Pre-existing conditions

West Virginia reports more than 15,000 COVID-19 cases and adds another thousand a week. The number of deaths exceeds 350. After only six months of experience, COVID-19 long-haulers report 10 percent “recovered” may have long-term effects. These include fatigue and heart and lung problems.

The COVID-19 pandemic shows uncanny similarities to the polio epidemics of the mid-20th Century. Most people who contract either disease have no symptoms, some suffer long-term effects, and a small percentage die. With polio, nerves in the spinal column are attacked and denervated muscles are paralyzed. If the chest muscles are paralyzed, patients are put in an iron lung. With COVID-19 multiple organs may be attacked. If the lungs are attacked supplemental oxygen and a respirator are used. With each disease, an individual develops a unique set of conditions, and doctors have no “wonder cure.” They treat symptoms and then must rely on rehabilitation and natural recovery.

COVID-19 is too new to understand its late effects. The late effects of polio were diagnosed as Post Polio Syndrome in the ’80s. PPS develops only after many years of “clinical stability” when new pain, weakness, and fatigue appear. The cause is still not understood. As with PPS in the ’80s, COVID-19 long-haulers are being met with: “This is new. It’s all in the head. We don’t know how to handle your case.”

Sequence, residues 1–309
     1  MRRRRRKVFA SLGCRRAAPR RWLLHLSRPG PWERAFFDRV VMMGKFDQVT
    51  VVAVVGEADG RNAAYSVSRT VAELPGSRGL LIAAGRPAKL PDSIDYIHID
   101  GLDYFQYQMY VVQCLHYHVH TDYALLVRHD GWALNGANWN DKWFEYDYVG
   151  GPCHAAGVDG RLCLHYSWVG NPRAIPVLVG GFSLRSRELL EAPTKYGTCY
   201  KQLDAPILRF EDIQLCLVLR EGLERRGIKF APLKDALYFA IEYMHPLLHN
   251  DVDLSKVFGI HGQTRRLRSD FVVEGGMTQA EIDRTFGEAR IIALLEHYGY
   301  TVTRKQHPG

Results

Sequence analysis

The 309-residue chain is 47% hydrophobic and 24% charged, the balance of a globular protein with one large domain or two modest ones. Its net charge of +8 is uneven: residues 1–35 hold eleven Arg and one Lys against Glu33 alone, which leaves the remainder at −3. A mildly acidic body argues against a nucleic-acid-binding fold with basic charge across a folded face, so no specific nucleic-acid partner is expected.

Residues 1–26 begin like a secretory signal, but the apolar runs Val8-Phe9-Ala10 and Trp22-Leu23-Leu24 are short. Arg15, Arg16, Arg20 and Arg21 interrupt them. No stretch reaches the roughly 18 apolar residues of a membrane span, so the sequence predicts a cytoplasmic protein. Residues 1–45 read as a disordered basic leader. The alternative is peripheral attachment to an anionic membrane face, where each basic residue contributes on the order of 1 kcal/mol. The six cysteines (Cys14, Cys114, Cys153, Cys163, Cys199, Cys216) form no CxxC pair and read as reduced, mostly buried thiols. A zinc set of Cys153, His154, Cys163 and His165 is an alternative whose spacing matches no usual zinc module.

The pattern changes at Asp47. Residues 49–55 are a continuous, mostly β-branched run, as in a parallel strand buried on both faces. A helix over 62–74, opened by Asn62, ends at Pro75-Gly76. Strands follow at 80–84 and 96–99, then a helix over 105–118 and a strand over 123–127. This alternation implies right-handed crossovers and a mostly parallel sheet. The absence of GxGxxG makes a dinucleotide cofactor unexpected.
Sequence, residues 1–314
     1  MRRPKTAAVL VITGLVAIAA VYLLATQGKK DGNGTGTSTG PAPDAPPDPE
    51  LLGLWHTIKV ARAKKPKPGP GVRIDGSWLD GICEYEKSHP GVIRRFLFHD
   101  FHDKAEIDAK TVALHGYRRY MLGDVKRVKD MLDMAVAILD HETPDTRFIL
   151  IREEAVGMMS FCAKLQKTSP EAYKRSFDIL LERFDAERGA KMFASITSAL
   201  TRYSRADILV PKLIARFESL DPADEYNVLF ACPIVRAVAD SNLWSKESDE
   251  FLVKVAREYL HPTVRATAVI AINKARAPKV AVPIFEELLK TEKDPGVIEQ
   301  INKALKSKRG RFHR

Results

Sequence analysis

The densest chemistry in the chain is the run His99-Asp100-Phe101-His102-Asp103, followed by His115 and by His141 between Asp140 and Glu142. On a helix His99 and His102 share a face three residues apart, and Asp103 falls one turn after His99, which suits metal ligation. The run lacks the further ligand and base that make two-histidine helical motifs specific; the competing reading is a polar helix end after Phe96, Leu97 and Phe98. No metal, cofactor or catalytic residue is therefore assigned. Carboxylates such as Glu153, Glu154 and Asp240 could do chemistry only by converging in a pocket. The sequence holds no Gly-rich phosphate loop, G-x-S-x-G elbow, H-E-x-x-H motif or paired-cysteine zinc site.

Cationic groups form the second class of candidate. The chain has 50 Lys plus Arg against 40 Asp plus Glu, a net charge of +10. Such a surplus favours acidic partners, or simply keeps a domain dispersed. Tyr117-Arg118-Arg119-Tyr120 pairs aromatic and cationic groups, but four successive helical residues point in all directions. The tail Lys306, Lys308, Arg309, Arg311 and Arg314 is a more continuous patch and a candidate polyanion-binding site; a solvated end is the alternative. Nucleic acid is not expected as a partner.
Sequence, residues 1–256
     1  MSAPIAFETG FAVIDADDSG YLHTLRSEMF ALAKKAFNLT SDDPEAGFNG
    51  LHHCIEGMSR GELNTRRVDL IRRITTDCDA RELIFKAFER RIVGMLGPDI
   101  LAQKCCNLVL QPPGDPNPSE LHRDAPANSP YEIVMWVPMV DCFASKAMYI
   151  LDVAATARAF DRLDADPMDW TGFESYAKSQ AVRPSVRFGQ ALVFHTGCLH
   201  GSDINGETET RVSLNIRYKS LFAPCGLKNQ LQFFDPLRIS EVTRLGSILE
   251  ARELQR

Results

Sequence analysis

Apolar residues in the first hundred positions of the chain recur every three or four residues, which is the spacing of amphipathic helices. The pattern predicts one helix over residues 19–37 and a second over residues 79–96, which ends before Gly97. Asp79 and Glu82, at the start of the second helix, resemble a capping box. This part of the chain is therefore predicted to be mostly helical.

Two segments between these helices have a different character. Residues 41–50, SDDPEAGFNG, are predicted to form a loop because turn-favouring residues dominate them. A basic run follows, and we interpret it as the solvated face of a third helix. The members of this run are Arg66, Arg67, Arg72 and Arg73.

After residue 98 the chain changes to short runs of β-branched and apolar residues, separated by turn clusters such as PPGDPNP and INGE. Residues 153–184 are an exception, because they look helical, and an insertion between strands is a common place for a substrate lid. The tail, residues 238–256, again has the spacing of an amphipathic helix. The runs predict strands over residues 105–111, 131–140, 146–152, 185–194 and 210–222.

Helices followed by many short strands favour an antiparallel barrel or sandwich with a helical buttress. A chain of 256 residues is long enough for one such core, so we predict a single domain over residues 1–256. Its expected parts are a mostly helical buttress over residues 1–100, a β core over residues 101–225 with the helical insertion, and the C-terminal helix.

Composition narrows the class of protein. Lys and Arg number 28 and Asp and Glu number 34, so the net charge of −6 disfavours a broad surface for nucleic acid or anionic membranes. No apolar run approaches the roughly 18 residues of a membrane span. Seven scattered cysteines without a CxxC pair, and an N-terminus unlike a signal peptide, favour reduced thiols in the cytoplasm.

Both polio and COVID-19 must be listed as pre-existing conditions, and pre-existing conditions affect nearly every aspect of life. Where will I work? Will anyone hire me? Will I have a family? Pre-existing conditions are also expensive. How much money is needed? When? Can I get insurance?

What is our government doing?

Our U.S. senators have delayed passing any COVID-19 aid and are instead rushing to name a new justice to the Supreme Court. This new justice is expected to join in overturning the Affordable Care Act, which requires medical insurance to cover pre-existing conditions.

The West Virginia Attorney General has signed onto this suit against the ADA. The suit is scheduled in the Supreme Court right after the November election.

If this suit is successful, pre-existing conditions will no longer be covered by insurance.

Everyone in West Virginia with a pre-existing condition, even the rapidly increasing 15,000 newly diagnosed COVID-19 cases, is in danger of losing medical insurance!

Warren Peascoe



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